Slow down, put away the cell phone and car keys, and discover how cowboys of yesteryear felt riding a horse through Colorado’s mountains. The Roosevelt National Forest and Rocky Mountain National Park have countless secluded trails to explore on horseback.

Where to Go Horseback Riding

Where should you go riding? Local stables are located in the Estes valley and Rocky Mountain National Park:

  • The National Park Gateway Stables takes riders on horseback to Little Horseshoe Park, Endo Valley, Deer Mountain, Ypsilon Lake and Lawn Lake on rides ranging from two hours to full days. Pony rides are available for little cowpokes. Gateway Stables is open from May through the end of summer.
  • The Cowpoke Corner Corral offers rides from one-hour to all day on mountain trails in Rocky Mountain National Park and Roosevelt National Forest. Among the destinations are Giant Track Mountain, the summit of Rams Horn, Cub Lake and Fern Lake. There are also 10 and 30-minutes rides around Glacier Lodge. Little cowpokes ages 2-7 years old can take a pony ride. The Cowpoke Corner Corral is open from May through the end of summer.
  • Jackson Stables at the YMCA of the Rockies offers trail rides into Rocky Mountain National Park and on the YMCA property. Destinations for short rides are Deer Mountain, Glacier Basin, Emerald Mountain, and Moraine Park with longer rides to Beaver Meadows, Cub Canyon, East Portal, Mill Creek, Wind River and Bierstadt Lake. Pony rides and wagon rides are also offered.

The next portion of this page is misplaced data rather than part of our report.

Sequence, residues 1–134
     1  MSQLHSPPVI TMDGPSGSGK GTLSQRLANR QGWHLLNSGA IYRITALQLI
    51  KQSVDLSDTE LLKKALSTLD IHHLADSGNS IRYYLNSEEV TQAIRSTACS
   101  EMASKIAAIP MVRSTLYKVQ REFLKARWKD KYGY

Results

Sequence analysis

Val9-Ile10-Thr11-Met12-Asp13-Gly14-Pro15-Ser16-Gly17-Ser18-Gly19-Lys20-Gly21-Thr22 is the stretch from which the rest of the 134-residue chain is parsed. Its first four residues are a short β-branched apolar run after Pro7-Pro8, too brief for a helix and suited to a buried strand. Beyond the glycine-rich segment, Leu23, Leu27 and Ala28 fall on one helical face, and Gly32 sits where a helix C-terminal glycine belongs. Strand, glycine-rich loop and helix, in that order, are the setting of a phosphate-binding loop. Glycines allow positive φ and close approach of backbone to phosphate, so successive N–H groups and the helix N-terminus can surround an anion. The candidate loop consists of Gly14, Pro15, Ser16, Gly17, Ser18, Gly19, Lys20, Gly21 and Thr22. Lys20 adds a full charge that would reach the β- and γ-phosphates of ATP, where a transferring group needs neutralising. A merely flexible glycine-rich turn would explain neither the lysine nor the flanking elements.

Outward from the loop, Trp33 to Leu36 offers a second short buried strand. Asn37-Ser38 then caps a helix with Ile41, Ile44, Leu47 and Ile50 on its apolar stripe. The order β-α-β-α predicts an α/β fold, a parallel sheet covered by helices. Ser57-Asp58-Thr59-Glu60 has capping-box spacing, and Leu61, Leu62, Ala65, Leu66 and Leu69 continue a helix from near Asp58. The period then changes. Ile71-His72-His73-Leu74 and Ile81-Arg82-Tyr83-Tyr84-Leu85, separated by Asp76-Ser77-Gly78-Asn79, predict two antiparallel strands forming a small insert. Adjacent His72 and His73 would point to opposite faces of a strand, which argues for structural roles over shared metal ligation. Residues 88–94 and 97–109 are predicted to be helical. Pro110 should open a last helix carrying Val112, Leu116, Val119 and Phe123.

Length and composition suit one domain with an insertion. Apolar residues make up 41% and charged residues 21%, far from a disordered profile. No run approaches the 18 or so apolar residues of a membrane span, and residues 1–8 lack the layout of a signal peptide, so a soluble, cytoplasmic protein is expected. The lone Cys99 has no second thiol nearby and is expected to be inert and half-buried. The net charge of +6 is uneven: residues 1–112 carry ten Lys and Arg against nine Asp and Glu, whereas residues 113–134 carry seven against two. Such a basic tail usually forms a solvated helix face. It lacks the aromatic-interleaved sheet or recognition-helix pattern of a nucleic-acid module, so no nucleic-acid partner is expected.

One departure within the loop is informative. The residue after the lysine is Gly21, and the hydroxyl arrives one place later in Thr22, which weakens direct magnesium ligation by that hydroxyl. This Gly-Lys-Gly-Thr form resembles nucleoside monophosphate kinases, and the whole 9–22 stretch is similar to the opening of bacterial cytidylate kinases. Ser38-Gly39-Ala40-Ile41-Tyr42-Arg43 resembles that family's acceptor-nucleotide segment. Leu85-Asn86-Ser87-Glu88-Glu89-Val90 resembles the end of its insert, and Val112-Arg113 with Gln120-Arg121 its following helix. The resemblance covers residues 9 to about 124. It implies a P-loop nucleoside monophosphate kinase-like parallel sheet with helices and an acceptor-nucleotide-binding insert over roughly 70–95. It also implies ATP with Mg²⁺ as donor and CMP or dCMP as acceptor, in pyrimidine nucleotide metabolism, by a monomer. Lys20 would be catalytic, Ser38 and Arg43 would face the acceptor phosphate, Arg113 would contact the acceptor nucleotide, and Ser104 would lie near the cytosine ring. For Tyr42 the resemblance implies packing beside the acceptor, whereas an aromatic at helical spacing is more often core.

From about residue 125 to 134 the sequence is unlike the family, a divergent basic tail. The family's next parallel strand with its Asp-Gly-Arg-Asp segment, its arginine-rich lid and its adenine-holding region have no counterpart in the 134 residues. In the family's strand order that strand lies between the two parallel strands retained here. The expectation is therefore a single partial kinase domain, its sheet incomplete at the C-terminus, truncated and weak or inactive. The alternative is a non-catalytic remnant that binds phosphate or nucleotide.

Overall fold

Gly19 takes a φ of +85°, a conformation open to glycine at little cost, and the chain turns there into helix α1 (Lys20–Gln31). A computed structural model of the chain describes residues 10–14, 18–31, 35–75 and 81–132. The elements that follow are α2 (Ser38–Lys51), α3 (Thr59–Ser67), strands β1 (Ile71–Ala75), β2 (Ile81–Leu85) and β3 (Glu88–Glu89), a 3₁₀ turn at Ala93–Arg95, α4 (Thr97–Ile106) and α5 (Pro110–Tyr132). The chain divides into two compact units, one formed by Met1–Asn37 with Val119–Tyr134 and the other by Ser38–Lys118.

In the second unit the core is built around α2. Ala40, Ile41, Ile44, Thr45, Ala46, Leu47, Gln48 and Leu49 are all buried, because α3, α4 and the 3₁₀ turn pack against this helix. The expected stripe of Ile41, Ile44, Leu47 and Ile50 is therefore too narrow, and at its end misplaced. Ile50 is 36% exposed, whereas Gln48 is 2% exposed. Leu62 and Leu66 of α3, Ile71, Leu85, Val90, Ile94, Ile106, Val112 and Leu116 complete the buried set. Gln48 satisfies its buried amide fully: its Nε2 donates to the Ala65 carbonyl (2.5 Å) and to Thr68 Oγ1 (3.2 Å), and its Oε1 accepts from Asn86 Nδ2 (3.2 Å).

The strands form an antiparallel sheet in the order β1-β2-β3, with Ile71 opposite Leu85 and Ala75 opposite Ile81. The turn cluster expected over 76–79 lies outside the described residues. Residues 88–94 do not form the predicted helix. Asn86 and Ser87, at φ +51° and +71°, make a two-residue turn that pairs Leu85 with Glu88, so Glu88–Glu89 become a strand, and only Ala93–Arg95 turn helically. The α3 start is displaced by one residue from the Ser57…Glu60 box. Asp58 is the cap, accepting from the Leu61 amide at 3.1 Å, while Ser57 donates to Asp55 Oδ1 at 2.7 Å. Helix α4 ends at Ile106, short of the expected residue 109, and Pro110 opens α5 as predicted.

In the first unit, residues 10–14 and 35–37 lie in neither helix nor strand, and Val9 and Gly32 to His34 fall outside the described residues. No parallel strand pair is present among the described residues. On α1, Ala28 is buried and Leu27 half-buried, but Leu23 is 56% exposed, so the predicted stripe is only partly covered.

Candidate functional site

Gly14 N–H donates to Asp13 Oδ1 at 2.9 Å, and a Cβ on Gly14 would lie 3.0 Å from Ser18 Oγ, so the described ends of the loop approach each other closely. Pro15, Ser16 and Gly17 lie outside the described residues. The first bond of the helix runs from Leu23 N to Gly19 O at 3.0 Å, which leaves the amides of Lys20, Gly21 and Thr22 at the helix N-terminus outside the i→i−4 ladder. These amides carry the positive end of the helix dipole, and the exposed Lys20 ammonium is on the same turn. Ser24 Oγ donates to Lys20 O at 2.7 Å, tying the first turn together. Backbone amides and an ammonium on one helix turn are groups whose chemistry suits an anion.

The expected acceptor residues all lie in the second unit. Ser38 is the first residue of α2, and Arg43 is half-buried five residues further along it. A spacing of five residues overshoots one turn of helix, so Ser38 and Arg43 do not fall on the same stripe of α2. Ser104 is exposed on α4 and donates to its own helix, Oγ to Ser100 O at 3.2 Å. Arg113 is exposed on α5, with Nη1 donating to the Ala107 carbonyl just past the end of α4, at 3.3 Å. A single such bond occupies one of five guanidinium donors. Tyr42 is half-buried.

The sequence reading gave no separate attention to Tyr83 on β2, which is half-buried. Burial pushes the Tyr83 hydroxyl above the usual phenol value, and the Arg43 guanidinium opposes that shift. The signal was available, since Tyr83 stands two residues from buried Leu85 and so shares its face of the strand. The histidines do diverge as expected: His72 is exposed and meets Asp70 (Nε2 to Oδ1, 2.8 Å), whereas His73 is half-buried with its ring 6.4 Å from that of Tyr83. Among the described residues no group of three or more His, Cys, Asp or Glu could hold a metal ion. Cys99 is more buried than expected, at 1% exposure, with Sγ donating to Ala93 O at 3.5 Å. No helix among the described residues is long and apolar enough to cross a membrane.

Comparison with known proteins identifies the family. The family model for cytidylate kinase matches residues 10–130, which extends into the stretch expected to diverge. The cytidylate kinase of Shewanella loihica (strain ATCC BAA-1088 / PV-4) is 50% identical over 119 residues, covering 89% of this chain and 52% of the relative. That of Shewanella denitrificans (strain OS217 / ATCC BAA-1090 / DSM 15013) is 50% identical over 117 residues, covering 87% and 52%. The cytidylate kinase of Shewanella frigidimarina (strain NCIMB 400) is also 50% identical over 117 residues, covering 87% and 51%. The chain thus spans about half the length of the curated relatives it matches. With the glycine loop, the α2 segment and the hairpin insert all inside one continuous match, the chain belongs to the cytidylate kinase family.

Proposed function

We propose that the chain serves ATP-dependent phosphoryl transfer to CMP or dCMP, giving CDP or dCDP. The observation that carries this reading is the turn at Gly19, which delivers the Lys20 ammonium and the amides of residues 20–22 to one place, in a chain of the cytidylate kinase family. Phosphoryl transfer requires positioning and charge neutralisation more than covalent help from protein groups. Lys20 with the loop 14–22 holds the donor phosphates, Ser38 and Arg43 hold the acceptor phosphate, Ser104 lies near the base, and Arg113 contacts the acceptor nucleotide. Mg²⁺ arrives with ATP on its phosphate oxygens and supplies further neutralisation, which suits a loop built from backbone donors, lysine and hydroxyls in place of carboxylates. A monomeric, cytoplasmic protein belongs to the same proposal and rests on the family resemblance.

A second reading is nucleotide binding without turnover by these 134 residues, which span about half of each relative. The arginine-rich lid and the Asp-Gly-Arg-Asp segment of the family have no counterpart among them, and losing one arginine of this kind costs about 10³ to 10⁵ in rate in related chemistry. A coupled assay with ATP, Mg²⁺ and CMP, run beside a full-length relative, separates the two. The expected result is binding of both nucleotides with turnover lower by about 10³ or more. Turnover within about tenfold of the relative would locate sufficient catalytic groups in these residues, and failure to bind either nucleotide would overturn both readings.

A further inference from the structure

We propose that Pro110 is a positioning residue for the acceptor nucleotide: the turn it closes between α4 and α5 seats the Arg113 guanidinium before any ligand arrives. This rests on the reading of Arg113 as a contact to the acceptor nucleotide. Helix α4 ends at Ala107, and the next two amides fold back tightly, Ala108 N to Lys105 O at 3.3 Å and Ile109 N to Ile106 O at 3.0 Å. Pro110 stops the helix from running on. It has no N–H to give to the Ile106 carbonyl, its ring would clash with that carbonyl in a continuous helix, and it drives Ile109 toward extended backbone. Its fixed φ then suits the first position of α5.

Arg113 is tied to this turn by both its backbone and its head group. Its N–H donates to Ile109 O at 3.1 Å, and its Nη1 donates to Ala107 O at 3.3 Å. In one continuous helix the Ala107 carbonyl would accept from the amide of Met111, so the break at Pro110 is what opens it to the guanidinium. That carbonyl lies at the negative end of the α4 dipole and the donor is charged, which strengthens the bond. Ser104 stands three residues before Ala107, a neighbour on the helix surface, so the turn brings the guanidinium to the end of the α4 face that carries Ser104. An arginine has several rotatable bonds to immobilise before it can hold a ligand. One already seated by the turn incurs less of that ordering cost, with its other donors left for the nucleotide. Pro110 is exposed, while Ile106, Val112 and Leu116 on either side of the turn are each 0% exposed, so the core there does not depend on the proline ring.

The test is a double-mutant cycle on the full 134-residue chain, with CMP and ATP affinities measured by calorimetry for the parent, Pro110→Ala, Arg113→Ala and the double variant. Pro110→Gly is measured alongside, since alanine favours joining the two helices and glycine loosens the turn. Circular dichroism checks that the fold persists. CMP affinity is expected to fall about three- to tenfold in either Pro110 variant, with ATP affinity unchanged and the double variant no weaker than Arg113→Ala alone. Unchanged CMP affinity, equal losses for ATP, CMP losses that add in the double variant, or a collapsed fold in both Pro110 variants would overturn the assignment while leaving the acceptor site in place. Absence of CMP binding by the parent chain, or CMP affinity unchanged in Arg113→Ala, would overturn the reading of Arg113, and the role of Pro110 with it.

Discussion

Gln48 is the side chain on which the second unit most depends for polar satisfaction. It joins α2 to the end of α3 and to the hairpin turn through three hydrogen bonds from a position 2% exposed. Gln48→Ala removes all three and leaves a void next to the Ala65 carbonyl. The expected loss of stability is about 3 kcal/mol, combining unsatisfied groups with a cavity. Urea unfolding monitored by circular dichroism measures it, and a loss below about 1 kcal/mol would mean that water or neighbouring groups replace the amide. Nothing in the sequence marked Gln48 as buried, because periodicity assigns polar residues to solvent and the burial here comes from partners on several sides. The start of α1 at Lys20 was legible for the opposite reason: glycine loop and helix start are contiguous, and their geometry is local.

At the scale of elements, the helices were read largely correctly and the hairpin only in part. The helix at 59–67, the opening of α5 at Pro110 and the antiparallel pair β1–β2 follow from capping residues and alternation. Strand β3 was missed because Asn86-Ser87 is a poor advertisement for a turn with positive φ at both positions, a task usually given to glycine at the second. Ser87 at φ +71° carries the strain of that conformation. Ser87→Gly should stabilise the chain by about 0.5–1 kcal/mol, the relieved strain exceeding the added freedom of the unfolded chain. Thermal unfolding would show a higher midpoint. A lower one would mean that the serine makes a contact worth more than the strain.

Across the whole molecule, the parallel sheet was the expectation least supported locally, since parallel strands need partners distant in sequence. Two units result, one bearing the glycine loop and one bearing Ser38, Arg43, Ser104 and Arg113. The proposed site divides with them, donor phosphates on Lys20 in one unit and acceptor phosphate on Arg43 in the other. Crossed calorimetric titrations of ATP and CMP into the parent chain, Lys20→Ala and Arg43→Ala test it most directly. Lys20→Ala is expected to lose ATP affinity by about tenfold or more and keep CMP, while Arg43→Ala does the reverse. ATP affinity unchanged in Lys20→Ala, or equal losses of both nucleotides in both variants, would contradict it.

Horseback rides are ideal for the entire family, from beginners to experienced riders. If you’re new to the area contact a local stables and take a guided ride.

Prepare for Your Horseback Riding Experience

If you’re planning a trip on horseback, consider the following to make the most of your experience:

  • Dress accordingly – Wear a wide-brimmed hat, long pants and boots; no flip-flops or sandals. Always bring a rain jacket in case the weather changes. Many stables provide rain slickers. Bring a water bottle or hydration pack and don’t forget snacks or lunch if you’re planning a longer ride.
  • Ride within your comfort level – Knowledgeable wranglers determine your level of ability, match you with the appropriate horse and make sure you feel comfortable on horseback.
  • Listen to the professionals – Wranglers teach basic horsemanship and safety before the ride. Wait for a wrangler to help you on and off the horse. Once you are comfortable, always mount a horse from the left side. On the trail maintain one horse length between animals.
  • Be mindful of your animal – Horses are social animals. If you fall behind they will want to catch up. Avoid sudden noises or movements that will cause the horse to jump and run.

Need some boots, a cowboy hat or a pair of jeans for the trail? Stop by Moose Creek on Moraine Avenue before your next ride. They carry boots, handcrafted leather handbags and western wear.

Horseback riding symbolizes the great American West. So saddle up and hit the trail!